What should I do if I receive a Director Penalty Notice from the Australian Taxation Office?

The Australian Taxation Office (“ATO”) has the power to pursue directors personally for certain liabilities incurred by a company, namely:

  1. ‘Pay As You Go’ tax (“PAYG”);
  2. Superannuation Guarantee Charge (“SGC”); and
  3. Goods and Services Tax (“GST”).

What is a Director Penalty Notice (“DPN”)?

A DPN is a tool that allows the ATO to collect any unpaid PAYG, SGC or GST liabilities owing by the company from the director of the company. You will usually receive a DPN via mail to the registered director’s personal address recorded with the Australian Securities and Investments Commission (“ASIC”) or (in some cases) the registered tax agent for the company. There are two forms of DPNs:

  1. a Non-Lockdown DPN; or
  2. a Lockdown DPN.
Non-Lockdown DPN

This form of notice gives the Director 21 days to take action before incurring the liability or penalty. The 21 day timeframe runs from the date of the notice, not when you become aware of it.

Lockdown DPN

This is a more severe variant of the Non-Lockdown DPN. In this scenario you are automatically liable, and you are generally unable to discharge that liability. Ultimately, once you are liable under a DPN the ATO will treat it as a normal tax debt, potentially commencing proceedings against you for the amount of the DPN debt. Once judgment has been obtained, the ATO may then bankrupt you personally and/or garnishee (take) funds from your personal bank account, wages and more.

Difference between Lock Down and Non-Lock Down DPN?

Non-Lockdown DPN

Generally, to receive this type of DPN your company has lodged its PAYG returns, Business Activity Statements and SGC statements as required within their respective due dates, however, the liabilities remain unpaid. This form of DPN will give the director 21 days to do one of the following:

  1. cause the company to pay its liabilities;
  2. place the company into liquidation or voluntary administration; or
  3. enter into a payment arrangement with the ATO.

Although not an ‘escape’ these options will hold personal liability ‘at bay’ for a time. The DPN would be remitted (cancelled) upon successfully commencing one of the above options. Failure to commence (and follow through) on one of these options will almost certainly result in the director being personally liable.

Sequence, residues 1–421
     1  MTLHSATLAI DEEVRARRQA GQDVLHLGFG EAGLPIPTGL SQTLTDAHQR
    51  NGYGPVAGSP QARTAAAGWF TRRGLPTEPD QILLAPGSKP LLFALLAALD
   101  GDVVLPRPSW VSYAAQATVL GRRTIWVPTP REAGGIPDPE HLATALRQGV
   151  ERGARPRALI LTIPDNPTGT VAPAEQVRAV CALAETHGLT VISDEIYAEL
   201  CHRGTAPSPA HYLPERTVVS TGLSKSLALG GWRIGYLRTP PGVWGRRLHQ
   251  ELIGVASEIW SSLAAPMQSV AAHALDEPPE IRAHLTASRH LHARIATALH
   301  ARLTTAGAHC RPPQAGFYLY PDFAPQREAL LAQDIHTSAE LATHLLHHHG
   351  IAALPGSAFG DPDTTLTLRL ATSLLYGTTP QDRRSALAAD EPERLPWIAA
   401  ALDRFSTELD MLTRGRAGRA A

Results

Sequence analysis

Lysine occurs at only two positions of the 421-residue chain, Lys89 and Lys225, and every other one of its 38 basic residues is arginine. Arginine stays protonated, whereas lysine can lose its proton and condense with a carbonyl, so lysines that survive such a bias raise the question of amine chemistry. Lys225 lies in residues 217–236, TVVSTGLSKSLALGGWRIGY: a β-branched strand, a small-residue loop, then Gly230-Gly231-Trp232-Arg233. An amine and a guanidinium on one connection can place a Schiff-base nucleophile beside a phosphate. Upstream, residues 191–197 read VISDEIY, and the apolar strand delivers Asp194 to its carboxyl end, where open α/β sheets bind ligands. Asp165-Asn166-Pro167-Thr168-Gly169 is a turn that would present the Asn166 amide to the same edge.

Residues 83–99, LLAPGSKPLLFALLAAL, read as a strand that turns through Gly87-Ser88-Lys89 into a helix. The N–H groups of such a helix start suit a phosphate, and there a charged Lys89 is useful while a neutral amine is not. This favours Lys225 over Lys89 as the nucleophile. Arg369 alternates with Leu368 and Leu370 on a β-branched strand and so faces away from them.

Lockdown DPN

As mentioned, this version of the DPN is more severe, you will not have the options above available and you are automatically personally liable for the company’s debts. To receive this type of DPN the company must have not lodged its relevant reports by the due dates and the relevant liabilities are unpaid. A DPN can be issued after a company has been placed into liquidation or voluntary administration.

Defences to a DPN

Although difficult, some defences do exist. By way of example:

  1. serious illness or incapacity;
  2. all reasonable steps were taken to ensure the company paid its liabilities or was wound up; and
  3. exclusively for SGC, reasonably arguable position.
Serious illness or Incapacity

This defence relies on the director being incapacitated to the point of being physically unable to take part in the management of the company, generally for a large portion, if not the entire period subject to the DPN.

Reasonable Steps

In general, this defence exists to allow for the situation where one director takes all possible steps and actions to be compliant and is blocked by other directors. For this to operate significant evidence will be required setting out what was proposed, and why it was not carried out.

Reasonably Arguable Position

Primarily this defence is for situations (such as the SGC) where it was reasonably arguable that there was a subcontractor, for example, who should not have received superannuation who is later determined to have been an employee and entitled to superannuation.

Key Takeaways

The key takeaways are that:

  1. Directors should ensure their details are correct as recorded with ASIC so no DPN is missed;
  2. all relevant reporting with the ATO should be lodged by the due dates even if it cannot be paid (to avoid a Lockdown DPN); and
  3. every director needs to maintain a deep understanding of their reporting obligations.

If you have any concerns regarding your obligations or a DPN (or possible DPN) against you, please contact one of our experienced solicitors on (07) 3186 8669 or click on the “Book a Consultation” button on our website to book in a free 15 minute consultation with one or our experienced solicitors so that we can discuss the best way to protect you or your business.

Aleksandra Moore

Associated Director at Moore Lawyers

Posted in Taxation